India to propose to Bangladesh single high border fences with anti-cut, anti-climb properties
India has decided to propose to Bangladesh “single line high fences with anti-cut, anti-climb properties” along the border areas which have yet to be fenced. Nearly 300 villages, which are located on the zero line and within 150 yards of the international border, have been identified for such fencing, said people aware of the matter.
The proposal is part of the Narendra Modi-led government’s initiative to have the entire India-Bangladesh border properly fenced. It will come up for discussion with Bangladesh government during Union home minister Rajnath Singh’s two-day visit to Dhaka from July 13.
The India-Bangladesh international border is spread over 4,096 km, of which 3,026 km is fenced. The unfenced locations often fall in the riverine areas of the border or in village areas where land acquisition is difficult for the government.
To make these areas secure, the people cited earlier said, the central government wants to erect a single line fence in place of the conventional three-line fence. The conventional three-line fence can be built beyond 150 yards of the border and at the Indian side. This kind of fencing needs more land. The single line fencing will come up within 150 yards of international border, provided Bangladesh gives its assent.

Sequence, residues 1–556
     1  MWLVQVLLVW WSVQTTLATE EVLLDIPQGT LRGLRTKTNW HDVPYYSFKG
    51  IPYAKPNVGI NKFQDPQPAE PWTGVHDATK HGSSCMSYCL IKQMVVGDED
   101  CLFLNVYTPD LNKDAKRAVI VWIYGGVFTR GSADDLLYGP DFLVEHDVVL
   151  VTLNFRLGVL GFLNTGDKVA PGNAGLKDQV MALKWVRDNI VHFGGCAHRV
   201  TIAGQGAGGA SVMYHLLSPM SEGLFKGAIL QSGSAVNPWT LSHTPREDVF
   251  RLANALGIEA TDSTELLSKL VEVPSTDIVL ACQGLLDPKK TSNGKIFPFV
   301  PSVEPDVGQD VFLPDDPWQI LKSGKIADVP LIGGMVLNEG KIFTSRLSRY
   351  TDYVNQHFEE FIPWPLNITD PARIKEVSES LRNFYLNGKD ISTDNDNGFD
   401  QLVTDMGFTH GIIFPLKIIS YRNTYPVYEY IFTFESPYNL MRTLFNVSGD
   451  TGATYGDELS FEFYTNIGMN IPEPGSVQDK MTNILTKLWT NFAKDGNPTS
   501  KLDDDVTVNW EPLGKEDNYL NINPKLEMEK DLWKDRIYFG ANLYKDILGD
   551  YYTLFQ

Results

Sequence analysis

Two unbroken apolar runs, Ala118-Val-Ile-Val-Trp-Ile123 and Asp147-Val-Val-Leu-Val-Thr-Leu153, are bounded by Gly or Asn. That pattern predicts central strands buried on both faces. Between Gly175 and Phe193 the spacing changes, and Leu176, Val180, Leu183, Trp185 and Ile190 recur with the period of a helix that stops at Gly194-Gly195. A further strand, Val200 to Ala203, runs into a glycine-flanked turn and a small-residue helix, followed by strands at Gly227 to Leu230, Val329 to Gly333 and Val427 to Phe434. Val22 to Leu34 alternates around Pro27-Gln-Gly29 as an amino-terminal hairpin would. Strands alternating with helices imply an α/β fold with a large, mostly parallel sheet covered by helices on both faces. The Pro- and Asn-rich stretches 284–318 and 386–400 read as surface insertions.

As per international law, there can be no construction within 150 yards of an international border. For this project, the concurrence of Bangladesh government is needed, said a senior official of the Border Security Force (BSF).
The BSF has already made the proposal which will be placed before the Bangladesh government. “In these areas, we cannot construct conventional fences due to several problems ranging from land acquisition and local issues to topographical constraints. That is why we have come up with the proposal of single line fencing,” said the BSF official, speaking on condition of anonymity.
“This will not need much land and it will be anti-cut, anti-climb modular fencing. There will be some special features. For this, we need approval from Bangladeshi government since the project will come up on the area falling under 150 yards of the international border,” he said.
For long, Bangladesh has been expressing concern over killing of Bangladeshi citizens at the international border in BSF firing. Following repeated complaints by the neighbouring country, India adopted a policy that the BSF would use only non-lethal weapons along the India-Bangladesh border. As a result, since the beginning of 2018, there have been no deaths on account of BSF firing at the border till date. In 2017 the number of deaths was 14, less than 18 in 2016 and 26 in the previous year.
“This looks like a win-win situation for both the forces – BSF and BGB (Border Guards Bangladesh). From 26 deaths in 2015, we have come down to zero till date in 2018. It used to be an issue of grave concern for Bangladesh,” said the BSF official.
Meanwhile, there is also scope for discussion on the process of National Register of Citizens, work for which is going on in Assam, said another person.